In 2011, It’s Not How Many Homes You Build, It’s What you Make or Lose
Three-hundred-twenty-one thousand new homes sold in 2010, according to United States Census Bureau data. If Black Swans–geopolitical unrest, natural disasters, Euro debt crisis–don’t derail the putt-putt economic recovery we’ve seen signs of during the past several quarters, we’ll see a new-home sales rebound of round about 10%, up to 353,000 in 2011.
This dollop of glad tidings comes compliments of an outlook for housing from Jonathan Smoke, Hanley Wood Market Intelligence resident economist and analytics maven.
Here’s the way Jonathan’s outlook rounds out through to the midpoint of this decade, nowhere near the seven-figure starts figure until two years from now, with new-home sales not tipping the half-million balance until 2013 rings in 2014.
Still, one of the more astonishing facts underlying this plotline is this–and it took one of the smarter guys in the business to boil it down to its simplest, scariest essence. This fellow put it in the form of a question.
“How many of the 221,000 new homes sold in 2010 were profitable?”
By extension, he applies the question to the current year.
“How many of the 253,000 new-h0mes predicted to sell in 2011 will be profitable?”
This fellow’s questions premise themselves on reports from just over a dozen public home building companies, which showed that a mere handful of them operated cash-flow positive during the past year, and have already pre-indicated that doing so in 2011 is going to be an even tougher slog than last.
The point here is two-fold.
One is that externals, things you can’t control–like the severity of winter weather, or geopolitical dislocation affecting oil prices, or offshore oil spills, or nuclear energy risks, or Portugal, Ireland, Italy, Greece, and Spain nearing default on their nations’ debt, or even the United States’ struggle with the role of a tax-payer subsidized government hand in housing finance–will continue.
Black Swans are now practically as common as jack rabbits on the prairie. They’ve sped up, and there doesn’t seem to be any calming them down.
The other thing is, however, that every other thing that happens in your business needs to count. Knowing how far you can push trades on your labor costs… Learning how you can double, or triple, or quadruple up on a truck delivering materials or manufactured items to your site… Finding out how one home builders’ “legacy land” issue might be your opportunistic grab for the parcel that’s just perfect for your product line (for the right price).
As you’re well aware, there are a few markets that have shot out of recovery’s gate by virtue of a robust jobs showing. And there are, in almost every market however beleaguered, tales of a particular neighborhood that’s striking a chord with buyer prospects who want to buy new for reasons they know and everybody else can find out.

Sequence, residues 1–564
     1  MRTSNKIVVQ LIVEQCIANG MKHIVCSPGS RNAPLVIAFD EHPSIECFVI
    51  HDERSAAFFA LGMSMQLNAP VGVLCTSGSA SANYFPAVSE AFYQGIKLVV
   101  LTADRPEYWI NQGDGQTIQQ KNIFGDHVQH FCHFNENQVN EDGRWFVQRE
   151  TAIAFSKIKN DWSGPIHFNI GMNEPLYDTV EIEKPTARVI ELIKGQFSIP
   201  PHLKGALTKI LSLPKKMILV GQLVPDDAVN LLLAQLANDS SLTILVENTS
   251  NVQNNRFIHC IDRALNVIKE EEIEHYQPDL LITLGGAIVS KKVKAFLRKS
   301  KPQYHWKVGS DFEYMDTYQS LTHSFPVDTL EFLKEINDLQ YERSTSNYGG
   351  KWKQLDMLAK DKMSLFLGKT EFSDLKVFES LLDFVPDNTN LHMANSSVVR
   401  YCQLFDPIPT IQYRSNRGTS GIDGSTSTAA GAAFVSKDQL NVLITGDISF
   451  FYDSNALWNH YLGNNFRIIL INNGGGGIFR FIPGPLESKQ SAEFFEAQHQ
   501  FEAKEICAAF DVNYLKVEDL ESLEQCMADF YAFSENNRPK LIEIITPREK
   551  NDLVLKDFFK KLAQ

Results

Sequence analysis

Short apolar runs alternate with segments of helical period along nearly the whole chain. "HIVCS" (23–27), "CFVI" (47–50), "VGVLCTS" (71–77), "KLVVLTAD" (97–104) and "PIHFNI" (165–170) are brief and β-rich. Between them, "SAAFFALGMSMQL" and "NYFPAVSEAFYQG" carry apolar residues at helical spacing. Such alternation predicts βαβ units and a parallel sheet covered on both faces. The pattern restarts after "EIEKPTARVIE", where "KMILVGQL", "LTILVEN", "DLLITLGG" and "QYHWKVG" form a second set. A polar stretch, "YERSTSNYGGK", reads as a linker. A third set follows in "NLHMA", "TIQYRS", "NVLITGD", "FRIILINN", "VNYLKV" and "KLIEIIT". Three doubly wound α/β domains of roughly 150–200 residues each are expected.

We’re also well aware that the 10% increase in new homes sold that Hanley Wood Market Intelligences’s Jonathan Smoke has in his 2011 outlook essentially reflects an industry-wide emphasis on introducing new communities for sale–incrementally adding to the ones that have been active by the end of 2010. If those pre-existing neighborhoods keep relatively stable and achieve flat sales, the new ones should account for the bump up.
The challenge for home builders — and not just ones who are selling entry-level, first-time buyer homes — comes down to down payments.
If you’re a paycheck-to-paycheck household, you don’t have 20%, and so you’ve got to have an otherwise impeccable credit rating. And after three years of jobs and income instability, lots of people might be able to boast progress but far from perfection.
The downpayment is the single most compelling issue in the food-chain of demand right now, and is likely to get even more compelling when policymakers get through pawing at regulation around risk protection for mortgage backed securitizations and effectively shrink the amount of liquidity in housing finance.
The questions for 2011 and beyond for those home builders who are going to be around scrapping for their 10% increase in new-home sales volume for the year, are how do you make more of those home sales more profitable, or more likely, profitable in the first place.
Our fellow with the smart question about this above notes that because we’re all just people, it’s natural that what we’re always gunning for when we do things is a secret of some sort that will help us, or our companies, or our stakeholders get more and give less.
As many times as you hear that there are no silver bullets, the thought of getting one, just once, could hardly be a more compelling desire.
We’re holding a conference in Chicago that’s all about recognizing the non-existence of silver bullets, and the nonetheless absolute imperative that home builders learn to do–even in a sub-500,000 new-home marketplace–what they do profitably, even if it’s not for the money alone.
It’s true that the program for our Housing Leadership Summit came to be a felicitous, high-level strategic forum, taking place at Chicago’s Drake Hotel, May 23-25. We’re again teamed up with J.P. Morgan’s Michael Rehaut, who’s hosting his 4th annual J.P. Morgan Homebuilding and Building Products Conference.
What this means is that it will be a two-day “doing-what-counts” fest, because the number of units you actually sell this year may work out to be less important than how profitable or un- they are.
As an added bonus, Hanley Wood Market Intelligence’s Jonathan Smoke will be there to tell you more about his outlook and the industry consolidation narrative that underpins his forecast.